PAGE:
Benefits: Health and safety training, pursuit of equal opportunities, range of legal services and credit card offers.

All subcriptions are annual unless otherwise stated

PROMOTED VIDEO
Have you tried new the Independent Digital Edition apps?
Arts and Entertainment
Architect Frank Gehry is regarded by many as the most important architect of the modern era
arts + entsGehry has declared that 98 per cent of modern architecture is "s**t"
Sport
Luis Suarez and Lionel Messi during Barcelona training in August
footballPete Jenson co-ghost wrote Suarez’s autobiography and reveals how desperate he's been to return
Money
Welcome to tinsel town: retailers such as Selfridges will be Santa's little helpers this Christmas, working hard to persuade shoppers to stock up on gifts
news
Arts and Entertainment
Soul singer Sam Smith cleared up at the Mobo awards this week
newsSam Smith’s Mobo triumph is just the latest example of a trend
News
Laurence Easeman and Russell Brand
people
Sport
Fans of Dulwich Hamlet FC at their ground Champion Hill
footballFans are rejecting the £2,000 season tickets, officious stewarding, and airline-stadium sponsorship
News
Shami Chakrabarti
people
Arts and Entertainment
Benedict Cumberbatch has refused to deny his involvement in the upcoming new Star Wars film
filmBenedict Cumberbatch reignites Star Wars 7 rumours
Sport
football
News
news
Caption competition
Caption competition
Latest stories from i100
Have you tried new the Independent Digital Edition apps?

Bleacher Report

Daily Quiz
Independent Dating
and  

By clicking 'Search' you
are agreeing to our
Terms of Use.

Day In a Page

Wilko Johnson, now the bad news: musician splits with manager after police investigate assault claims

Wilko Johnson, now the bad news

Former Dr Feelgood splits with manager after police investigate assault claims
Mark Udall: The Democrat Senator with a fight on his hands ahead of the US midterm elections

Mark Udall: The Democrat Senator with a fight on his hands

The Senator for Colorado is for gay rights, for abortion rights – and in the Republicans’ sights as they threaten to take control of the Senate next month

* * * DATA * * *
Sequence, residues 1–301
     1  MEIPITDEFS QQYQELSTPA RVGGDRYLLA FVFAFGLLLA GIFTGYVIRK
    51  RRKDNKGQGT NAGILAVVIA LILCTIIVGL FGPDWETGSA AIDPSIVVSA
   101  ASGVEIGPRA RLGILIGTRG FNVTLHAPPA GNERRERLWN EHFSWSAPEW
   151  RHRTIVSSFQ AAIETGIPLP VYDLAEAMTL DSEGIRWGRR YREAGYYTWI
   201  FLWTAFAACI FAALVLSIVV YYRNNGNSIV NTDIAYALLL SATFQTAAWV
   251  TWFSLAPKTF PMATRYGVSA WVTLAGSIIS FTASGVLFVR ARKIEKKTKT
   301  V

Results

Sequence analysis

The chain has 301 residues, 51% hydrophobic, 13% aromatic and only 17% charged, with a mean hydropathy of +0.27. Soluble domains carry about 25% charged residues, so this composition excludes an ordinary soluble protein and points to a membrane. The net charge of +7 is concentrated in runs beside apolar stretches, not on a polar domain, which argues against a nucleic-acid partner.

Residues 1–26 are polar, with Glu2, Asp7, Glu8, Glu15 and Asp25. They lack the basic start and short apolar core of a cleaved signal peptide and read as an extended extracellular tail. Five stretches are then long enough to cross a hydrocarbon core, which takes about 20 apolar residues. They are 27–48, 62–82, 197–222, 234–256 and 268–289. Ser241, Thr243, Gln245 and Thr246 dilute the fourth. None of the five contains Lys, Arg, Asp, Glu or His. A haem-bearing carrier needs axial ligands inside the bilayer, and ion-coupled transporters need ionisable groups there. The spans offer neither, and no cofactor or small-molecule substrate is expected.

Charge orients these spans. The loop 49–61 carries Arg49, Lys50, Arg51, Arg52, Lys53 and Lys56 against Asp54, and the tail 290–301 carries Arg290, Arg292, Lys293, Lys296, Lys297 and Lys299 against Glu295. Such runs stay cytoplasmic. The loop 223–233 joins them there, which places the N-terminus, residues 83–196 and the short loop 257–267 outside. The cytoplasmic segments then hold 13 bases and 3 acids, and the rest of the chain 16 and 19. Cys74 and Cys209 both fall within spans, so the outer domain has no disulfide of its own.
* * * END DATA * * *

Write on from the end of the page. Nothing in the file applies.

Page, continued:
New discoveries show more contact between far-flung prehistoric humans than had been thought

New discoveries show more contact between far-flung prehistoric humans than had been thought

Evidence found of contact between Easter Islanders and South America
Cerys Matthews reveals how her uncle taped 150 interviews for a biography of Dylan Thomas

Cerys Matthews on Dylan Thomas

The singer reveals how her uncle taped 150 interviews for a biography of the famous Welsh poet
DIY is not fun and we've finally realised this as a nation

Homebase closures: 'DIY is not fun'

Homebase has announced the closure of one in four of its stores. Nick Harding, who never did know his awl from his elbow, is glad to see the back of DIY
The Battle of the Five Armies: Air New Zealand releases new Hobbit-inspired in-flight video

Air New Zealand's wizard in-flight video

The airline has released a new Hobbit-inspired clip dubbed "The most epic safety video ever made"
Pumpkin spice is the flavour of the month - but can you stomach the sweetness?

Pumpkin spice is the flavour of the month

The combination of cinnamon, clove, nutmeg (and no actual pumpkin), now flavours everything from lattes to cream cheese in the US
11 best sonic skincare brushes

11 best sonic skincare brushes

Forget the flannel - take skincare to the next level by using your favourite cleanser with a sonic facial brush
Paul Scholes column: I'm not worried about Manchester United's defence - Chelsea test can be the making of Phil Jones and Marcos Rojo

Paul Scholes column

I'm not worried about Manchester United's defence - Chelsea test can be the making of Jones and Rojo
Frank Warren: Boxing has its problems but in all my time I've never seen a crooked fight

Frank Warren: Boxing has its problems but in all my time I've never seen a crooked fight

While other sports are stalked by corruption, we are an easy target for the critics
Jamie Roberts exclusive interview: 'I'm a man of my word – I'll stay in Paris'

Jamie Roberts: 'I'm a man of my word – I'll stay in Paris'

Wales centre says he’s not coming home but is looking to establish himself at Racing Métro
How could three tourists have been battered within an inch of their lives by a burglar in a plush London hotel?

A crime that reveals London's dark heart

How could three tourists have been battered within an inch of their lives by a burglar in a plush London hotel?
Meet 'Porridge' and 'Vampire': Chinese state TV is offering advice for citizens picking a Western moniker

Lost in translation: Western monikers

Chinese state TV is offering advice for citizens picking a Western moniker. Simon Usborne, who met a 'Porridge' and a 'Vampire' while in China, can see the problem
Handy hacks that make life easier: New book reveals how to rid your inbox of spam, protect your passwords and amplify your iPhone

Handy hacks that make life easier

New book reveals how to rid your email inbox of spam, protect your passwords and amplify your iPhone with a loo-roll
KidZania lets children try their hands at being a firefighter, doctor or factory worker for the day

KidZania: It's a small world

The new 'educational entertainment experience' in London's Shepherd's Bush will allow children to try out the jobs that are usually undertaken by adults, including firefighter, doctor or factory worker